La Vie en Rosé – Wines of Southern France
Monday, 6 May 2013
THE ROSÉ WINES OF SOUTHERN FRANCE ARE SOME OF THE BEST IN THE WORLD – NOW IS THE TIME TO BOOK THAT HOLIDAY AND COME TRY THEM FOR YOURSELF.
|HE086A Bastide Pinede
If you want to discover more why not let the experts take the strain and contact Languedoc Wine Tours to book your place on one of their various programmes.
In Provence, VR014A Bastide des Vignes, a lovingly restored barn, renovated by the Owners with passion, offers 5 bedrooms, amazing interiors with stirking bespoke art, pool and extensive gardens – an oasis of tranquility.
This Bastide nestles amongst vines, which are part of Domaine de Rimauresq. Rimauresq is a ‘Cru classé, which produces Cinsault, Mourvedre and Tibouren for their rosés – it is one of the most prestigious vineyards in Provence and their ‘R’ logo is appreciated worldwide. The vinery is a mere 15 minutes away from this stunning property. From here access to the Routes des Vins is easy where you can taste the delights of Cote de Provence, Bandol, Coteaux Varios and Coteaux d’Aix en Provence.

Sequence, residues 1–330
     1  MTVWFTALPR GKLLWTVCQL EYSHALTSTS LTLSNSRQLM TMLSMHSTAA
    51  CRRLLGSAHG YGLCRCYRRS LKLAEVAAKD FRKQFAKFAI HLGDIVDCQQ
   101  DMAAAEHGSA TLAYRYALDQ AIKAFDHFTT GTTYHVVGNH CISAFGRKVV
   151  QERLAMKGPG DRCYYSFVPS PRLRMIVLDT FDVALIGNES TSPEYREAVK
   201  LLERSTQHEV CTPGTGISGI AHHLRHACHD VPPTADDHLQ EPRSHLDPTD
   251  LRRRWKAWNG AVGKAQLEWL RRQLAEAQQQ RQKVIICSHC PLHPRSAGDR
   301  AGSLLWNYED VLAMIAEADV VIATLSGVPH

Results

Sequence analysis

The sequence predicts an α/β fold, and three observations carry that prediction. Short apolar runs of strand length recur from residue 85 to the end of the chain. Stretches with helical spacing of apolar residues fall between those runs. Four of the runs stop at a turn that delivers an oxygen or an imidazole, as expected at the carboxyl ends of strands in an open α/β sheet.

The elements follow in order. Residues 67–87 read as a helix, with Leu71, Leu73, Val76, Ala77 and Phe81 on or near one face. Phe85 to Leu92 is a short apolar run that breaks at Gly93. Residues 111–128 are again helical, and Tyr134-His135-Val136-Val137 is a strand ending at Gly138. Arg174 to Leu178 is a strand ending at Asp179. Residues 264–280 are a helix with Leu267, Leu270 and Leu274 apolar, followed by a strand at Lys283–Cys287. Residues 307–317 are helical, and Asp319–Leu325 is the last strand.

VR014A Bastide des Vignes
Provence rosés are amongst the best in the world, Their pale rose petal colour, delicate aromas and explosion of sun filled fruit on the palate make them a perfect accompaniment to all dishes or ideal for that aperitif!
Rosé is possibly one of the oldest known types of wine in the world and there are three major ways to produce rosé wine – skin contact, saignée and blending.
So, enough of the lecture, time for some practical, simply contact South France Villas who will be delighted to book you a property so you can enjoy your personal “voyage a vin”.
Skin contact – black skinned grapes are crushed and the skins allowed to remain in contact with the juice for a short period, normally 1-3 days, the longer they are left, the more intense the colour of the final wine.
Saignée (the French word for bleeding) – when the winemaker desires to impart more tannin and colour to a red wine, some of the pink juice from the must can be removed at an early stage in what is known as the Saignée and this can be fermented separately to produce rosé.
Blending – the simple mixing of red wine to a white wine to impart colour. This method is discouraged in most wine growing regions, especially in France, where it is forbidden by law, except for Champagne, but most producers use the Saignée method.